UPDATE: something I'm running into a lot right now: Lenders that sell the note but retain servicing rights. So when the note goes south, and my client wants to buy into a distressed situation, the servicers are rejecting offers without checking with the actual investor, because they could get sued (for misrepresentation and bad underwriting) if they accept less than they loaned. On the other hand, if the property sits on the market (thereby costing the investors even more money), they don't get sued because, hey, the asking price is enough to cover the note. Now there is a legal deadline involved with lender owned properties, and nobody is going to offer enough to bail them out. But it's kind of like the old joke: "A lot can happen in a year. I may die. The King may die. And perhaps the horse will sing." Corporations don't die. Even if it were an individual investor, someone's going to inherit the right to payments. I do not think this horse will sing - it probably won't even whinny. In other words, nobody is going to offer enough to bail the lender out of their fix. Near as I can figure, those controlling the corporations holding servicing rights are evidently hoping that by that time, they will have moved on to other jobs and can't be held liable as individuals.

One more reason to be very careful investing in trust deeds

Caveat Emptor

Original here

If you don't know the answer to this, don't be embarrassed. Lots of alleged professionals forgot the answers to these questions for several years, if indeed, they ever knew. It seems like quite a few still don't know the answer

Loan qualification standards measure whether or not you can afford a loan. By adhering to them, the lenders both lower the default rates and have some assurance the loans they make will be repaid, while borrowers avoid getting into situations where foreclosure is all but certain. Lest you misunderstand, this is a good thing for both the lenders and the borrowers. It isn't like the lenders want to stand there like the Black Knight shouting "None Shall Pass!" They want to loan money - that's how they make profit. But unless you live in a cave, you may have heard of some problems with defaulted home loans of late. You may have heard they're a major problem for both the lenders and the borrowers. Guess what? They are.

From the lender's standpoint, of course, the important thing is that they prevent loaning money to people who can't afford to repay the loan, but the other isn't a trivial concern. Even if they get every penny back when they foreclose, foreclosures are still bad business, with negative impacts on cash available to lend, regulatory scrutiny, and not least important, business reputation.

Going through foreclosure is no fun from a borrower standpoint either. I don't think I have ever seen or even heard of a situation where somebody ended up better off from having gone through foreclosure than they would have been if the lender had just denied the loan in the first place. So whether you like it or not, the lenders are doing you a favor to decline your loan when you're not qualified.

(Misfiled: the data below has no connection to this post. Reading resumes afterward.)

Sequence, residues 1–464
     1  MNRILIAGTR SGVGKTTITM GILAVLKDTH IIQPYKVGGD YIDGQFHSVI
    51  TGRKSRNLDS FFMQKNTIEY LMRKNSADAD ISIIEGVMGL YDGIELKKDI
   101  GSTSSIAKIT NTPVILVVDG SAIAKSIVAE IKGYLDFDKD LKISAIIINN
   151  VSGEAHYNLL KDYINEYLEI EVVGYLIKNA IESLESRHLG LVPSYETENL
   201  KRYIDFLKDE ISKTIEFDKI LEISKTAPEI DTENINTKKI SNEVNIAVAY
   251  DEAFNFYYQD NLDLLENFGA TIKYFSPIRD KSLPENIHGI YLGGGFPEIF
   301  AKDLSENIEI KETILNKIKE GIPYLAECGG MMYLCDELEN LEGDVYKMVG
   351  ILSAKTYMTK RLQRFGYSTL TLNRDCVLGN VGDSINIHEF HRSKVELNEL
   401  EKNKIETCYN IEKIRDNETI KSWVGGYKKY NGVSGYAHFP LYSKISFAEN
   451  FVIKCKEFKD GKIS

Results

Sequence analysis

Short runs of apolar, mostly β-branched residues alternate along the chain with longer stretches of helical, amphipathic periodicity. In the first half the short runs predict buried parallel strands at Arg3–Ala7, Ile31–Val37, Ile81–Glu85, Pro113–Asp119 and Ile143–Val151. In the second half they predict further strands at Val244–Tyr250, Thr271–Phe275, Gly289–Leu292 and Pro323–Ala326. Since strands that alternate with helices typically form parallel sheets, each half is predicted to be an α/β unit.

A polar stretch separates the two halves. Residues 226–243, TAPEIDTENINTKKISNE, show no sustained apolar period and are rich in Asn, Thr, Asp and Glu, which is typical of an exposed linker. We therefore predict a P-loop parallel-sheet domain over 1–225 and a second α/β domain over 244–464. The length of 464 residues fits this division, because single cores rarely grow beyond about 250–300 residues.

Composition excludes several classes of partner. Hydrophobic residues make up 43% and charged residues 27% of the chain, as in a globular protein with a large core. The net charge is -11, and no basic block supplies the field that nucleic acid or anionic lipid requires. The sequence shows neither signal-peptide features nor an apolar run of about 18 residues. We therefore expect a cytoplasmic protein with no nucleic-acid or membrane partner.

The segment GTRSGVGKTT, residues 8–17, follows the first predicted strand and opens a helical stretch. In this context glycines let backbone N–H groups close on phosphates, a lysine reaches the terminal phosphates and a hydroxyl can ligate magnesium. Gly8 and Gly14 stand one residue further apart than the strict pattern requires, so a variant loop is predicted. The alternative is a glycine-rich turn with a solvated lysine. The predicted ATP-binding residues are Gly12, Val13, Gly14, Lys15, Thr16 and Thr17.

There are many loan qualification standards, but the two most important ones are debt to income ratio, often abbreviated DTI, and loan to value ratio, often abbreviated LTV. The first of these is much more important than the second, but both are part of every single loan.

Debt to Income ratio is a measurement of how well your monthly income covers your monthly payments. It is measured in the form of a percentage of your gross monthly pay, averaged over about the last two years. The permissible number can change somewhat depending upon credit score in some situations, and with enough in the way of assets in others, but the basic idea is you can afford to be paying out 43 to 45 percent of your monthly income in the form of fixed expenses - housing and consumer debt service. You can cancel cable TV or broadband internet, you can cancel your movie club or book of the month - but the items debt to income are concerned with are essentially fixed by your situation. You owe $X on student loans, and you're required to repay so many dollars per month. Your mortgage payment is this, your pro-rated property taxes are that, your homeowners insurance and car payments and credit cars are these others. There's no possibility of this money suddenly disappearing - you already owe it, and you are obligated to repay on thus and such a schedule.

Loan to value ratio is not a measure of whether you can afford the loan. It is a measurement of how likely the lender is to get its money back if you do default. With appraisal fraud and similar problems, it's not any kind of a magic bullet - but it is the best they have. When values are rising quickly and holding onto a property for six months generates a 10% profit, it shouldn't surprise anyone that the lenders are willing to take more risks with loan to value ratio than they are in the reverse situation. Many properties have lost value and even if the borrowers had kept up the payments before default, they would still owe more than the property is worth.

Lenders aren't going to refinance on good terms if you're "upside down" or even close to it. But being upside down is not a big problem so long as you have a sustainable loan situation and can afford your payments. You keep making those payments, eventually you are going to have equity again. You try to get another loan after default and foreclosure, and you'll find out in a hurry that lenders are not forgiving. Kind of like the Wild Bunch in a way - mess with one, you mess with them all. Lots of folks are thinking that the smart thing to do is walk away when you're upside down. Even if they do have a non-recourse loan, they're going to find out soon enough that wasn't so smart. Making the payments on a sustainable loan lowers the balance, and values are going to come back - sooner than a lot of people think. Put the two together, and as long as you can hold out until you have equity again, you're better off making those payments.